Green Room

And the Oscar for government subsidies goes to …

posted at 5:19 pm on February 23, 2013 by

everyone in Hollywood!  Glenn Reynolds has written a number of times on the fat tax breaks Hollywood gets, perhaps especially when they make films outside of Hollywood.  Today, Glenn reminds us of the $1.5 billion in tax breaks that the film industry enjoys — while it scolds everyone else for not paying their fair share:

With campaign season over, you’re not likely to hear stars bringing up taxes at this weekend’s Academy Awards show. But the tax man ought to come out and take a bow anyway. Of the nine “Best Picture” nominees in 2012, for example, five were filmed on location in states where the production company received financial incentives, including “The Help” (in Mississippi) and “Moneyball” (in California). Virginia gave $3.5 million to this year’s Oscar-nominated “Lincoln.”

Such state incentives are widespread, and often substantial, but they don’t do much to attract jobs. About $1.5 billion in tax credits and exemptions, grants, waived fees and other financial inducements went to the film industry in 2010, according to data analyzed by the Center on Budget and Policy Priorities. Politicians like to offer this largess because they get photo-ops with celebrities, but the economic payoff is minuscule. George Mason University’s Adam Thierer has called this “a growing cronyism fiasco” and noted that the number of states involved skyrocketed to 45 in 2009 from five in 2002.

In its 2012 study “State Film Studies: Not Much Bang For Too Many Bucks,” the Center on Budget and Policy Priorities found that film-related jobs tend to go to out-of-staters who jet in, then leave. “The revenue generated by economic activity induced by film subsidies,” the study notes, “falls far short of the subsidies’ direct costs to the state. To balance its budget, the state must therefore cut spending or raise revenues elsewhere, dampening the subsidies’ positive economic impact.”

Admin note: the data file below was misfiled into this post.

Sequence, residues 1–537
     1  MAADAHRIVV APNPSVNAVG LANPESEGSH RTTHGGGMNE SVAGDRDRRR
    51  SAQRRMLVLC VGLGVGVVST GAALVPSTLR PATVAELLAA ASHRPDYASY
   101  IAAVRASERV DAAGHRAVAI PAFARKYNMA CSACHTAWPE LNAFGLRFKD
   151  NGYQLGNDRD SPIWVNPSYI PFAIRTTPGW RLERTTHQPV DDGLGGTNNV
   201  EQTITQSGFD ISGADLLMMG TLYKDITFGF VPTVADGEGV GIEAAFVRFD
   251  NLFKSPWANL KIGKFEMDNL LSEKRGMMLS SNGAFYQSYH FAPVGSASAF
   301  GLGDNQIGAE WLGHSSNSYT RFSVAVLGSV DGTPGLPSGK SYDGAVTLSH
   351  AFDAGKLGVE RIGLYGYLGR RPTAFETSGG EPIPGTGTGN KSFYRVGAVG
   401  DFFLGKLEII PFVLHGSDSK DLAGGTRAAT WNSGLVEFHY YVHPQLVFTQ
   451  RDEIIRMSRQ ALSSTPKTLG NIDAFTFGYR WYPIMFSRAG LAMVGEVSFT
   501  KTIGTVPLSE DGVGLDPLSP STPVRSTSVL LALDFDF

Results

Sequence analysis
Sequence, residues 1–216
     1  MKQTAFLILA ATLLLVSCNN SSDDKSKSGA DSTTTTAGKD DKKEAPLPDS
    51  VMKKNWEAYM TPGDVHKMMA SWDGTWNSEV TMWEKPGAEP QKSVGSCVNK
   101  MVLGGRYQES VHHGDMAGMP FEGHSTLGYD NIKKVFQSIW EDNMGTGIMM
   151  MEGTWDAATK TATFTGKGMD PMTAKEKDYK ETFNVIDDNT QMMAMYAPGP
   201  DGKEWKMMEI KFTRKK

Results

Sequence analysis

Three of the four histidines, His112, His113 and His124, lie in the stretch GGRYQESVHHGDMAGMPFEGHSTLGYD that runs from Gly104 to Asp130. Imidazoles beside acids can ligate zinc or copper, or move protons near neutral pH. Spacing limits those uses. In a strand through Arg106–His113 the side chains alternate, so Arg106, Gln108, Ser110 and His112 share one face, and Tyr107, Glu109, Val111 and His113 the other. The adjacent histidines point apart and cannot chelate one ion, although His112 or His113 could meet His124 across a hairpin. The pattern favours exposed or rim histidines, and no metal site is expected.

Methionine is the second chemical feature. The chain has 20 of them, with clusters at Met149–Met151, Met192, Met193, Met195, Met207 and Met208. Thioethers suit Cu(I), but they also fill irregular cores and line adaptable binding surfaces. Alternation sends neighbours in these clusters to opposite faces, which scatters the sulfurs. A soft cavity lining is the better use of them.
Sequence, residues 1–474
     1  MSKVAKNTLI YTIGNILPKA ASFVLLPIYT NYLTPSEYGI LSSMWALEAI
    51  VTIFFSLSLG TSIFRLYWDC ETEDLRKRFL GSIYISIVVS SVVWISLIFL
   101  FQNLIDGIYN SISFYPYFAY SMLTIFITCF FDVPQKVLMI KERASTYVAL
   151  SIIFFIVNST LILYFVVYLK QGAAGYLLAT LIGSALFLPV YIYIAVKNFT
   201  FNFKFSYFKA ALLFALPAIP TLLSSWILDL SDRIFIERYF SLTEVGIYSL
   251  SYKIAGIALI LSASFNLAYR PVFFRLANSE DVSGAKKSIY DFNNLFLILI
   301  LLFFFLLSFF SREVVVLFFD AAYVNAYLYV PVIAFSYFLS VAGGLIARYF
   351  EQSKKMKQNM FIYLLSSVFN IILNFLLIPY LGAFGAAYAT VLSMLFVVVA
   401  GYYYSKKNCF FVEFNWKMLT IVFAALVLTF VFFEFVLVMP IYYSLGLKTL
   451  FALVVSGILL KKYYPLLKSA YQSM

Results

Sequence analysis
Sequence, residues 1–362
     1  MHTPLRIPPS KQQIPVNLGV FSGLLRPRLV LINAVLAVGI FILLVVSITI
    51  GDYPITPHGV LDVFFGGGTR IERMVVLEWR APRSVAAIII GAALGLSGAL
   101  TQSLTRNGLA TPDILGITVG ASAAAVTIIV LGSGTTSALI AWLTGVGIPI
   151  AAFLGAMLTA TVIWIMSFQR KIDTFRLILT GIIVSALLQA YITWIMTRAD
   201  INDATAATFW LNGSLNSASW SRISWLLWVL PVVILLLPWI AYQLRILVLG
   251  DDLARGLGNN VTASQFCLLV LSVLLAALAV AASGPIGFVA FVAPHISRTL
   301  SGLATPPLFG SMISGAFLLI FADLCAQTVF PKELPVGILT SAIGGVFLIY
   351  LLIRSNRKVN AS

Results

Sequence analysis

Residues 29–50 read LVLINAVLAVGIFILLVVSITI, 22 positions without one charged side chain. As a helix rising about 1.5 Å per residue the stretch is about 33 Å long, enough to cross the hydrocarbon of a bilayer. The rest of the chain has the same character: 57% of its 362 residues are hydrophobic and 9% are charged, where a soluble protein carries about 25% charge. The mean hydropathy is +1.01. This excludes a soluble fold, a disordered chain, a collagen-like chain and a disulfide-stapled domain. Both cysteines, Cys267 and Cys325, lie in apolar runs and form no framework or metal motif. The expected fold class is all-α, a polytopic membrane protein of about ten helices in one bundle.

Michigan’s Jennifer Granholm ended up with a Hollywood pie in the face after shelling out tens of millions of dollars in “investments” to draw filmmakers to her state.  The money went to build a new state-of-the-art studio at an old GM plant.  How did that work out?

Despite tens of millions of dollars in state investment, the promised 3,000-plus jobs didn’t appear. As the Detroit Free Press reported last year, the studio employed only 15-20 people. That isn’t boffo. That’s a bust. The studio has defaulted on interest payments on state-issued bonds, and the guarantors—the state’s already stressed pension funds—may wind up holding the bag. “In retrospect, it was a mistake,” conceded Robert Kleine, the former state treasurer who signed off on the plans in 2010.

Be sure to read it all — and keep reading it while stars like Eva Longoria talk about helping out burger-flippers.  They’re helping themselves to taxpayer money more than being concerned about helping anyone else.

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So, like sports team subsidies, then?

Count to 10 on February 23, 2013 at 5:35 PM

Sigh. Even Instapundit’s bashing Sarah Palin now?

sauldalinsky on February 23, 2013 at 7:10 PM

Michigan’s Jennifer Granholm ended up with a Hollywood pie in the face after shelling out tens of millions of dollars in “investments” to draw filmmakers to her state. The money went to build a new state-of-the-art studio at an old GM plant. How did that work out?